Household consumption drives 60 percent of economic activity globally. Yet too often, our consumption is synonymous with environmental and social degradation.
What if consumer purchases could create positive impacts for people and the planet? That would seem revolutionary. In fact, just such an endeavor exists today to protect forests, one of the most precious and vital ecosystems on earth, which support the livelihoods of 1.6 billion people around the world and 80 percent of terrestrial biodiversity.
From tissue and paper, to packaging, furniture and building materials, people consume and depend on forest products every day. While traditional, industrial forestry can destroy forests, there's a movement well underway to balance our immediate and long-term consumption needs while safeguarding forests, wildlife and forest-dependent communities. Known as the Forest Stewardship Council (FSC), the approach uses market forces tied to sustainable consumption to ensure forests are protected for the long term, even as they provide wood and fiber for products we use every day.
Here's how it works: FSC sets high standards for responsible management, to which forests around the world are independently audited. FSC standards are designed to protect a wide array of forest values, including old growth, biodiversity and rare species, water resources, native peoples, forest workers and local communities.
Products from forests that meet FSC standards can use the FSC label. Consumers and companies looking to have a positive environmental and social impact purchase products bearing this label, which sends a signal back to the forest owner, creating an incentive for more forests to be managed to FSC standards in a positive-feedback loop.
To date, 450 million acres (184 million hectares) of forest in 80 countries have earned FSC certification, with 29,500 companies trading in FSC-certified products. This represents more than 15 percent of the global trade in forest products, excluding wood for fuel.
As FSC has grown, many consumer-facing companies have taken note, and made it a part of their business and sustainability strategies.
Take Kimberly-Clark, for example. With products like Kleenex, Scott Tissues and Huggies, the company is one of the largest buyers of forest products in the world. Nearly one in four people globally purchase one of their products every day. With this reach comes a strong sense of corporate responsibility to do the right thing, including a deep commitment to FSC. In fact, every Kimberly-Clark tissue product in North America -- along with many others around the world -- is now FSC certified. This one company has had an enormous impact, by creating demand for responsibly managed forests and by raising expectations for their entire industry.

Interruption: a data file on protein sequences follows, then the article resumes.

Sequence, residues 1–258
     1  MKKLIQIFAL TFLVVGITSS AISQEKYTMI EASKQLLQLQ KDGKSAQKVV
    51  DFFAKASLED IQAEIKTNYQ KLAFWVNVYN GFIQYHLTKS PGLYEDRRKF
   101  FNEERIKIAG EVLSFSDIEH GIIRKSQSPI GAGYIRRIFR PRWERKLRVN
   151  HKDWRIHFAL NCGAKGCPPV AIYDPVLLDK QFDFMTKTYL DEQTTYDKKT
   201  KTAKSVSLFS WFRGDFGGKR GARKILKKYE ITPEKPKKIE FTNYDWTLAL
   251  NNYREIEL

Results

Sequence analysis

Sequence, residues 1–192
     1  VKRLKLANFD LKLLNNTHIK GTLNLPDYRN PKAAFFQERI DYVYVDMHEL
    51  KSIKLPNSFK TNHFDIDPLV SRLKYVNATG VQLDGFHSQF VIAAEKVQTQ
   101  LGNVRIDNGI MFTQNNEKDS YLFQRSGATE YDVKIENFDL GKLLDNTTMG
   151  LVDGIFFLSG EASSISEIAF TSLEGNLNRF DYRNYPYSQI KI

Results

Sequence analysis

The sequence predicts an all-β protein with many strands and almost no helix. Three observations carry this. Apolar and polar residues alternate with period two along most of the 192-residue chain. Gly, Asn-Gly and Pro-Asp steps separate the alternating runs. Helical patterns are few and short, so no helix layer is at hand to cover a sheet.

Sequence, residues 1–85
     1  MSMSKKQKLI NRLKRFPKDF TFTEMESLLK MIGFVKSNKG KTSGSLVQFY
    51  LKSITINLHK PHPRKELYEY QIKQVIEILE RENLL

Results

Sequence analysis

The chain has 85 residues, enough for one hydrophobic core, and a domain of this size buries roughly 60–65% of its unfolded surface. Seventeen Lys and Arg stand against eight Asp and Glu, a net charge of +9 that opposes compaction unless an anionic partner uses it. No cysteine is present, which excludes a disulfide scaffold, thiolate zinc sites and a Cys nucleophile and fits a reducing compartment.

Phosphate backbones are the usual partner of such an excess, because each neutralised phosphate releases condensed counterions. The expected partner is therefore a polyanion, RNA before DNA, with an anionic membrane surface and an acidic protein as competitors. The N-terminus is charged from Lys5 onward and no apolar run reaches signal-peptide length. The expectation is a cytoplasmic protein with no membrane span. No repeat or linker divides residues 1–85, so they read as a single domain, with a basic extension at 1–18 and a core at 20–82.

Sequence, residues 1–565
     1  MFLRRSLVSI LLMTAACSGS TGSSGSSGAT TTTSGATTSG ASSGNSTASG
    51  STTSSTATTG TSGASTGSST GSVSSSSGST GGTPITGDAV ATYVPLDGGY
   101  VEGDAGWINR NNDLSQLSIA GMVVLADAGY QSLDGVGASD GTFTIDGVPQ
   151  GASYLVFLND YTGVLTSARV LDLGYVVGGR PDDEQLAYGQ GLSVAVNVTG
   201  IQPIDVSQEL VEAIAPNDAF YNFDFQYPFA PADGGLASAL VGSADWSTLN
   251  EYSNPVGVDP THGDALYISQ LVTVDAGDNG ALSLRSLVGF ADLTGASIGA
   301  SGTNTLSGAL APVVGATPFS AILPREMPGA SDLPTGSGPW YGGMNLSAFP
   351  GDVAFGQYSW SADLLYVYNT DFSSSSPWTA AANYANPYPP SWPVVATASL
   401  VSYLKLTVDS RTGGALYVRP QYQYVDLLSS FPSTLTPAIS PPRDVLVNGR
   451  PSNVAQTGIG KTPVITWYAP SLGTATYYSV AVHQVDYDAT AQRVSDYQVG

Research demonstrates that FSC yields benefits for people and forests. For example, CIFOR, a nonprofit research organization, found that FSC certification in Africa's Congo Basin has been able to push logging companies toward "remarkable social progress." And the World Wildlife Fund has found that FSC helps protect biodiversity and reduce forest degradation compared to industrial forest practices. WWF even found that FSC can be more effective in halting environmental destruction than protected areas, such as national parks, in countries where law enforcement is weak.
Recognizing FSC's success with the forest-products industry, other sectors are applying the model to a growing array of consumer goods derived from agriculture (Sustainable Agriculture Network), minerals (Initiative for Responsible Mining Assurance) and seafood (Marine Stewardship Council). While details vary, each of these systems aligns with FSC's premise that responsible consumption can yield positive environmental and social outcomes.
Embedded within the UN Sustainable Development Goal 12 to "ensure sustainable consumption and production patterns," are objectives to achieve sustainable management of natural resources, encourage large companies to adopt sustainable practices, and promote sustainable public procurement. While the overall goals are appropriately ambitious, given the scale of the challenges we face, these objectives are well within our reach today. In fact, the Forest Stewardship Council provides a model that allows us to "meet the needs of the present without compromising the ability of future generations to meet their own needs."
As the world moves toward sustainable consumption and production, FSC represents a model for others to consider. And since forest products are so ubiquitous, FSC offers consumers a simple action with a profound impact, one that they can take the next time they shop at their favorite retailer. Through responsible consumption, we all have an opportunity to embrace FSC's promise of "forests for all forever."
This post is part of a series produced by The Huffington Post, "What's Working: Sustainable Development Goals," in conjunction with the United Nations' Sustainable Development Goals (SDGs). The proposed set of milestones will be the subject of discussion at the UN General Assembly meeting on Sept. 25-27, 2015 in New York. The goals, which will replace the UN's Millennium Development Goals (2000-2015), cover 17 key areas of development -- including poverty, hunger, health, education, and gender equality, among many others. As part of The Huffington Post's commitment to solutions-oriented journalism, this What's Working SDG blog series will focus on one goal every weekday in September. This post addresses Goal 12.